TUCSON, Ariz. (KOLD News 13) – Text, email, and phone scams continue to plague Tucsonans sometimes costing them thousands of dollars.
We get answers on how to spot scams and what to do next, as we investigate how often these hoaxes get the better of people.
Oro Valley Police say someone recently lost $10 thousand dollars as a result of fraud.
One scam tricks people into thinking they’ve won the Publishers Clearing House sweepstakes worth millions in cash and cars.
“I don’t typically answer phone calls from numbers I don’t recognize, so I didn’t answer this call,” said Laurie Jarrett from Oro Valley. “I was really surprised when I received a voicemail message.”
Jarrett says not only did the caller have her cell phone number, but also knew her name.
“Hi Ms. Jarrett my name is John Peterson from PCH, that’s the Publishers Clearance House about $8.5 million you have won and are supposed to be receiving,” said the caller in a voicemail.
“So, I thought I have nothing else to do, so I’m going to give him a call back and see what happens,” said Jarrett.
The caller told Jarrett that in order to claim her prize they needed $400 on a prepaid debit card.
“I mean I knew it was a scam to begin with, I wanted to see how far it would go,” said Jarrett. “I said I’d be more comfortable meeting at the Walgreens and he said that’s not possible you have to meet at your house or at the bank and I said well I don’t want to do that, so thanks goodbye.”
According to the Better Business Bureau nearly 700 scams have been reported in Arizona since January.
The most prevalent consumer scams relate to online purchases, there have been 210 reported. Sixty one related to employment; 45 email phishing; and 34 sweepstakes lottery prize scams. Cryptocurrency scams are also on the rise with 16 being reported.
Victims report losing a few dollars, up to tens of thousands.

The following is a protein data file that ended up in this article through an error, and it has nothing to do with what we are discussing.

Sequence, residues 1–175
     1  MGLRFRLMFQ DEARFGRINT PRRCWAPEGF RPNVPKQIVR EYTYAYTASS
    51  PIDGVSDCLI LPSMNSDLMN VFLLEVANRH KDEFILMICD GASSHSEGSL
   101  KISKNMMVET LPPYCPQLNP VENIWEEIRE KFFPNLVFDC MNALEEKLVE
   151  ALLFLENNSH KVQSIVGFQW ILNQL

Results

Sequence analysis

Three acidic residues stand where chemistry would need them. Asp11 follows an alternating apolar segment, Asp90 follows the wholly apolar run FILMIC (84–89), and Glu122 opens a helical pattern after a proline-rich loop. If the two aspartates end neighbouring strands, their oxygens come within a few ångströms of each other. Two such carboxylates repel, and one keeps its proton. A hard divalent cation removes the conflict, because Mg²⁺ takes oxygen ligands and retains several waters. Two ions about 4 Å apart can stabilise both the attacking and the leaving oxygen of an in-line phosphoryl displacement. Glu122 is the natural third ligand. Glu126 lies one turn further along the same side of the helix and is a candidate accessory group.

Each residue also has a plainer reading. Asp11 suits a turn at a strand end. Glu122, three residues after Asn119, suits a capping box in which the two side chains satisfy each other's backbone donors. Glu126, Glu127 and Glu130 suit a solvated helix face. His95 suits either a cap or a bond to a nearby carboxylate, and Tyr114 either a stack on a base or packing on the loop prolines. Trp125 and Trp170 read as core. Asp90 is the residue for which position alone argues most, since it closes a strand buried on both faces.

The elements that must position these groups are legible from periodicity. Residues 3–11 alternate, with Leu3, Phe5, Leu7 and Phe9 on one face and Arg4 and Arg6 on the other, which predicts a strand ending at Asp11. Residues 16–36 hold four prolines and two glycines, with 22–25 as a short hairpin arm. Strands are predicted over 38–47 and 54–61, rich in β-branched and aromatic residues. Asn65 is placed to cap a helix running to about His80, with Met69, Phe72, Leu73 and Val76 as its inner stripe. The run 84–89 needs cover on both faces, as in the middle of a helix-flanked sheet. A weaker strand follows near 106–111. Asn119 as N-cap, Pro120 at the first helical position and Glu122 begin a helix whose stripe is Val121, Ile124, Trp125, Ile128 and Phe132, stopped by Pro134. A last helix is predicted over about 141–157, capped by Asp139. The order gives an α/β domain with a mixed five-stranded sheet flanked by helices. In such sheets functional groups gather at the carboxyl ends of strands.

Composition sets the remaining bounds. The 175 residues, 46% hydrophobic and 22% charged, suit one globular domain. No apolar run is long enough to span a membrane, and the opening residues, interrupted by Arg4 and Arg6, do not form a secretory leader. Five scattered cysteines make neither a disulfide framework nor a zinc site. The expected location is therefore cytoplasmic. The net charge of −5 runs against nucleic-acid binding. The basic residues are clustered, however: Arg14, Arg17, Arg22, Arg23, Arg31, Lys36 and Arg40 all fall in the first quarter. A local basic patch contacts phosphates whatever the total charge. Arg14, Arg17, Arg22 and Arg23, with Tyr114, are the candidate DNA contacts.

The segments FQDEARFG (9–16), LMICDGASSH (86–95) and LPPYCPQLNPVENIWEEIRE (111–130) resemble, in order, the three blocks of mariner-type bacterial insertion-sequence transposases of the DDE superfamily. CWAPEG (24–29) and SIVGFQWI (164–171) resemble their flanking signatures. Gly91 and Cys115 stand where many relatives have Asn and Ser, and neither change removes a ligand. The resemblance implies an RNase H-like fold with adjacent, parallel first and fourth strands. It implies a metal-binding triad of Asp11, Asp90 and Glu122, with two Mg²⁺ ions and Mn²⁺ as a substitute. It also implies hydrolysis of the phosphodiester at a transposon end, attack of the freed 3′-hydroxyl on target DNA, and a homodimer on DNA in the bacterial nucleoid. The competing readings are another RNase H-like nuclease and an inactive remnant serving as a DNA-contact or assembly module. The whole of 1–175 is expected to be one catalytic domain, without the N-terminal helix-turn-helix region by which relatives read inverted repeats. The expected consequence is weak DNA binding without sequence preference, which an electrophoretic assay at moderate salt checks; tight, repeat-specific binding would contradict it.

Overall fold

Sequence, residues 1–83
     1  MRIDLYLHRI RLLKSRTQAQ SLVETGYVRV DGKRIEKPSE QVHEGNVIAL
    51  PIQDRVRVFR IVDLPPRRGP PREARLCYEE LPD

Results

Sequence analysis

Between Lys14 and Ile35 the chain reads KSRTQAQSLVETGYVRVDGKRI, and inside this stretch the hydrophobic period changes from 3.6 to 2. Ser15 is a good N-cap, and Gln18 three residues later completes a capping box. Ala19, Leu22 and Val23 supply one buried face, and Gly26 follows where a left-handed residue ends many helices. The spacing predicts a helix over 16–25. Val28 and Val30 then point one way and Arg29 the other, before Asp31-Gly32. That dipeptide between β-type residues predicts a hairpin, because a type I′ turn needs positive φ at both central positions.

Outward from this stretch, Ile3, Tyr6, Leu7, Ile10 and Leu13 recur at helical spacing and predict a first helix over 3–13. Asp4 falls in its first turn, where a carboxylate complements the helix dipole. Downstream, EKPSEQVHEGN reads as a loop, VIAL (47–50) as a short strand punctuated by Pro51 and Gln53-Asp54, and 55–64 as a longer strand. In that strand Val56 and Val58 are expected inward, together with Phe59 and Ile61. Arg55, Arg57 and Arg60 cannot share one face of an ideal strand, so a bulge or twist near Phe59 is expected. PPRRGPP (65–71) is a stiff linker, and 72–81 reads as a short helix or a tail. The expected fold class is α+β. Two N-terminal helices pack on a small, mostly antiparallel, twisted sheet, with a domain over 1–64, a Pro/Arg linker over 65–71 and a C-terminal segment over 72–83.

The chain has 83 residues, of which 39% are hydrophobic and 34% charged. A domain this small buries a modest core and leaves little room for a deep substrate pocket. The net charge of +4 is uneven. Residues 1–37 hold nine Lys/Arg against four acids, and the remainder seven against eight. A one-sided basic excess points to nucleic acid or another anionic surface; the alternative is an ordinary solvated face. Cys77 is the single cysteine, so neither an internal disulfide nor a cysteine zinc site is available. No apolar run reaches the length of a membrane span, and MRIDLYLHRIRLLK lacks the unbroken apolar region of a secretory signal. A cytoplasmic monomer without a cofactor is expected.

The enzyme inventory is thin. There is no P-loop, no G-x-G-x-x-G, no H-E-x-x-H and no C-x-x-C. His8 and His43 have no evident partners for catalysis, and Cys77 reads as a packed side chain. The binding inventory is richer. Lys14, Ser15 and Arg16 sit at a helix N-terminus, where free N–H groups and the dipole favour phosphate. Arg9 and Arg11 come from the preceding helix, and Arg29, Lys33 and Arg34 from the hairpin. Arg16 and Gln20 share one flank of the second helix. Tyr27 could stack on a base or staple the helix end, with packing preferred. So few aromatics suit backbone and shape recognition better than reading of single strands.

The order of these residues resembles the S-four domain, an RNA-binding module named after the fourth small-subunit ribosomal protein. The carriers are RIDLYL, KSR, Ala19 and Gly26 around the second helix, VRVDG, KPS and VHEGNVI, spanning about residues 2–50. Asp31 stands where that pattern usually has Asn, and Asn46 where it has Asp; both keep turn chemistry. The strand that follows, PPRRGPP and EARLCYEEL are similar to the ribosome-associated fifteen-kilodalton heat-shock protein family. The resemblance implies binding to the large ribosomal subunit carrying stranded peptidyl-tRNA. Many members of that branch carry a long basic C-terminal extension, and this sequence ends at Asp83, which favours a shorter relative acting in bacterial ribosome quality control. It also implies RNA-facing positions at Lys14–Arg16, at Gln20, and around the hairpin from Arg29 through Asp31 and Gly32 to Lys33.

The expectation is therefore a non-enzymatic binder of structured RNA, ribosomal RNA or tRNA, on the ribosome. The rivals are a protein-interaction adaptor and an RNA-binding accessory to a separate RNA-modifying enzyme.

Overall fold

Do some of these go unreported?
“Unfortunately, they do. Many times, victims are embarrassed to report it,” said Irene Coppola with the BBB of Southern Arizona. “But it is so important to report it to the BBB, the FBI and call your local police because the more organizations are notified the more we can inform other consumers so this doesn’t continue to happen.”
“Anytime someone is asking you to pay to get a prize that’s a scam,” said Darren Wright, public information officer with the Oro Valley Police department.
Wright says since April 1, his department took 96 reports of fraud. It might seem like a lot, but the good news is it’s down slightly from 111 last year.
“Some of the common scams we’re seeing out here right now that people are falling victim to are: you have a warrant, your social security has been paused, your grandchild is in jail and needs bail money,” said Wright. “Call and verify those things.”
We tried the phone number of the person who called Jarrett’s cell phone, claiming to be from PCH. It went to voicemail. Our call was not returned.
To help prevent the scam from happening to others, Jarrett reported it to the police, her homeowners association, and on her neighborhood Facebook page. Jarrett even reported it to PCH, which has a webpage dedicated to fraud prevention.
“I would feel really bad if I said nothing and someone did fall for the scam,” said Jarrett.
It’s not just senior citizens who are susceptible to scams. A new report by the BBB shows people ages 18 to 34 reported the next highest loss in money.
Experts say beware of unsolicited correspondence. If you don’t remember entering a sweepstakes, then you probably didn’t win.
Never pay to claim a prize or send money to someone you’ve never met face-to-face.
Research the caller’s phone number and how the organization notifies prize winners.
Copyright 2022 KOLD News 13. All rights reserved.
Credit: Source link